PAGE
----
Well, how can I PostGIS without referring back to BostonGIS. One day I’ll know… . But first, the Simpsons: “Mmm… … Donut.”
A while back I read Regina Obe’s BostonGIS post on “Map Dicing,” essentially using a grid to dice up an existing dataset to a small granularity in order to take full advantage of spatial indexing, etc.. The post really intrigued me, and is often at the back of my mind as I’m working on doing heavy duty PostGIS queries (and waiting hours/days for them to complete).
There was a time when I worked a job (not long ago) and we would start data processes days before we expected to see them complete– sometimes 6-7 days. So, generally, I don’t mind waiting (especially if I know something will likely complete). Imagine my surprise at my own lack of patience then when I ran a couple of analyses in PostGIS, and they were still running 2 days later. Well, I don’t want to be impatient, but I also don’t want to be inefficient!
A few posts back, I deleted some bad data from my contour dataset by chopping it out willy-nilly with an ST_Difference command. It ran pretty quickly. As in, overnight, which by most measures is fast enough.
So now, I’m trying to paste together the best of what I have for contours. For our most urban county, I have 2ft contours derived from the combo of LiDAR and 3D breaklines– a beautiful (but PitA) dataset. For the remaining 6 counties we want to map, I have 2 ft contours derived from (what I think is) a TIN interpolation of LiDAR points, that isn’t quite so detailed, or as effective at representing roads, cliffs, and waterways, but good enough for most purposes. Sadly, the urban county sits surrounded by the other counties, and the bounds of the two datasets do not mesh perfectly.
In other words, I’ve got one cookie cutter and with it I want to cut a hole in one data set (our future donut), and trim another dataset to the same shape (our future donut hole), and then stick the two datasets together.
So using my two favorite cookie cutters, ST_Difference and ST_Intersection, I thought I’d use the county boundary of the urban area to remove all data within that county from the 7 county dataset (ST_Difference), and “clip” the urban county to the same strict boundary, stick the two datasets together, and wallah!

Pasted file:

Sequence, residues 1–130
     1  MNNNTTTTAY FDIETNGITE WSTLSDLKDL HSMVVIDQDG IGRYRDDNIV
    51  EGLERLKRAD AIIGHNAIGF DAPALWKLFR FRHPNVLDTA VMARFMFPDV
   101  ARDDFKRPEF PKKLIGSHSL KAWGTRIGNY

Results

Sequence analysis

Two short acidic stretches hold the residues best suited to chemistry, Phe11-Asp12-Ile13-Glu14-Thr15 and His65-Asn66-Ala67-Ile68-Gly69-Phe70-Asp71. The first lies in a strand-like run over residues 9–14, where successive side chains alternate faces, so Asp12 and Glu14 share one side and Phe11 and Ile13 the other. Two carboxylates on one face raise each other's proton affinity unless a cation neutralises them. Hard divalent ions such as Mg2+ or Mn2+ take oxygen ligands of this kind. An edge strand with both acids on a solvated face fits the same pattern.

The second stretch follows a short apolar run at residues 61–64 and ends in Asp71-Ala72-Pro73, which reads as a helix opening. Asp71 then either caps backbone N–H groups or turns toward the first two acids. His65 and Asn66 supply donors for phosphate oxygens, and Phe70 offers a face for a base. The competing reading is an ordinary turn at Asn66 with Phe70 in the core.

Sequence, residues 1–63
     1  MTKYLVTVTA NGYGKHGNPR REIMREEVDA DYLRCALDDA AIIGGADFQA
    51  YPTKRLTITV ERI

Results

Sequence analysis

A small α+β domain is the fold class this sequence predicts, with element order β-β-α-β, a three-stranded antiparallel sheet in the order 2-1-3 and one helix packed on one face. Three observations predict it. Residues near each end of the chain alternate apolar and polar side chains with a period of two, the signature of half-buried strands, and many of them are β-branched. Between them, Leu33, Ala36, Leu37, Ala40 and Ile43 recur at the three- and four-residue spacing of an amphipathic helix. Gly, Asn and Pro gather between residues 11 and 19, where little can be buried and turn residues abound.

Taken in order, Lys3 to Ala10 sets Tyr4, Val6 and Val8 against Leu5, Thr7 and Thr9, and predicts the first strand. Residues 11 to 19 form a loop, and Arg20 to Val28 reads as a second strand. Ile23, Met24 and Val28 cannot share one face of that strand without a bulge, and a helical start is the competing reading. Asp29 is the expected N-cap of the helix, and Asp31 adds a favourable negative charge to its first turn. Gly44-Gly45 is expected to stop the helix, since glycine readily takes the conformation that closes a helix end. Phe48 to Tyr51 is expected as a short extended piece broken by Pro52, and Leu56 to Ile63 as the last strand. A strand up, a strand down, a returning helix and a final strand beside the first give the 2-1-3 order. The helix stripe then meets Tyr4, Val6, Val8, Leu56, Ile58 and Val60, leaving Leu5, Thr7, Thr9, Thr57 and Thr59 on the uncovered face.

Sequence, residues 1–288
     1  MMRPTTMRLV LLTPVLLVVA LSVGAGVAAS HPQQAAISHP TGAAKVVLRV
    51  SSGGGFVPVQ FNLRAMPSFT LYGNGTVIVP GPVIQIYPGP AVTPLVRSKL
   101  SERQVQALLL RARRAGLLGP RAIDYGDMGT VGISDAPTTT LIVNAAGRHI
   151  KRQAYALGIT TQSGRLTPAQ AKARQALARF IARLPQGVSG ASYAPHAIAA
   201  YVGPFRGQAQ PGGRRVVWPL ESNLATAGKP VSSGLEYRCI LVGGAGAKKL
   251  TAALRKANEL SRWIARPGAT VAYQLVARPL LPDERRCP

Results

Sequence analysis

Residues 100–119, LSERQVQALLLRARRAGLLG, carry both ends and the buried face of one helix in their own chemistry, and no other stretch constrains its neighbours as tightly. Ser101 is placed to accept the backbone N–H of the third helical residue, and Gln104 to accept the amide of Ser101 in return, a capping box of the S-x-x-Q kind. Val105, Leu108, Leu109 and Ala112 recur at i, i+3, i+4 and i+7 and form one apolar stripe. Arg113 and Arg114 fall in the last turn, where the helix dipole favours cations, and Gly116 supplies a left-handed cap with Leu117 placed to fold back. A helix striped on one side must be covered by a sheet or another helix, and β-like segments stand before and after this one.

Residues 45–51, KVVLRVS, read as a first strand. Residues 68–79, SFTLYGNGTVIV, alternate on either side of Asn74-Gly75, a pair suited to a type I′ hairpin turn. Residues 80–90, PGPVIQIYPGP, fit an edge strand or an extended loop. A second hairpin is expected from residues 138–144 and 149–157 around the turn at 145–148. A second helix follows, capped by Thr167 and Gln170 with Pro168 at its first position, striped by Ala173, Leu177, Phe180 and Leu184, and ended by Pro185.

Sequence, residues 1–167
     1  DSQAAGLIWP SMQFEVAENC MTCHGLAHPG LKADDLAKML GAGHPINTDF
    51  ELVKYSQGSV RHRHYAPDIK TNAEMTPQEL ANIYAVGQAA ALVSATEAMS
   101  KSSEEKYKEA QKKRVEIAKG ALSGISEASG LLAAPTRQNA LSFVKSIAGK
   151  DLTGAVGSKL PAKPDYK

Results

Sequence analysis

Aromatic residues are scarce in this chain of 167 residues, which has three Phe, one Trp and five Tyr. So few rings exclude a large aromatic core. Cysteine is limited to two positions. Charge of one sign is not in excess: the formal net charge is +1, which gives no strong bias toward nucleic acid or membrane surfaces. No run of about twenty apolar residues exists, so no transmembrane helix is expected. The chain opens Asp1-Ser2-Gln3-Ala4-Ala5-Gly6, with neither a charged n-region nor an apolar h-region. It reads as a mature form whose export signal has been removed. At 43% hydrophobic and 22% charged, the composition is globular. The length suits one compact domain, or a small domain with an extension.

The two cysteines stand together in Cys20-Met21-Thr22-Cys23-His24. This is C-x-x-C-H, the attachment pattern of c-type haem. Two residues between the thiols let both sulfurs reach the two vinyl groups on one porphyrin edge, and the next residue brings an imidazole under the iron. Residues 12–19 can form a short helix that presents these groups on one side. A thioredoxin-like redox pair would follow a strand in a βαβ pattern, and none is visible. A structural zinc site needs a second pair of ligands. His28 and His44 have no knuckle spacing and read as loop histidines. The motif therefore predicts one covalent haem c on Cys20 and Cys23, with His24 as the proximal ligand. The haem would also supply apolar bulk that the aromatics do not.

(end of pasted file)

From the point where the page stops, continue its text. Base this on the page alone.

Problem is, it’s not as fast this time. There’s two reasons for this. On the dataset I am making into a donut, it is a dataset about 3 times as big. So, naturally it should run more slowly. On the dataset I’m making into the donut hole, however, the problem is with the inefficiency of meaningless bounding boxes– e.g. the bounding box of the cookie cutter is nearly as big as the full extent of the contour dataset, therefore, nearly all the tests against the bounding box as a filter to see whether there’s any likelihood of an intersection return a positive result, whether the contours in question are near the edge or not.
Enter “Map Dicing”. I need smaller chunks of data.
Since I already have a grid I like to use for the county, I can skip Regina’s first step of creating a grid, and jump right into dicing up my cookie cutter:
CREATE TABLE county_cutter ( gid serial NOT NULL PRIMARY KEY, name character varying(15) ); SELECT AddGeometryColumn('public', 'county_cutter', 'the_geom', 9102722, 'MULTIPOLYGON', 2); INSERT INTO county_cutter(name,the_geom) SELECT name, ST_multi(ST_Intersection(c.the_geom, cg.the_geom)) FROM county c INNER JOIN county_grid cg ON ST_Intersects(c.the_geom, cg.the_geom); CREATE INDEX county_cutter_the_geom_idx ON county_cutter USING gist(the_geom);
Now, I can get back to geo-processing.
CREATE TABLE public.cuy_contours_2_donut_hole AS SELECT elevation, ST_Intersection(a.the_geom, b.the_geom) AS the_geom FROM base.cuy_contours_2_1 as a, public.county_cutter as b;CREATE TABLE public.contours_2_donut AS SELECT elevation, ST_Difference(a.the_geom, b.the_geom) AS the_geom FROM base.contours_2 as a, public.county_cutter as b;
Well, I should do this with a union statement in order to combine it into one table in one go. I’ll revise before I run it, and report back whether it works.
One thought on “Optimizing PostGIS Geometry Functions– Mmm. Donut.”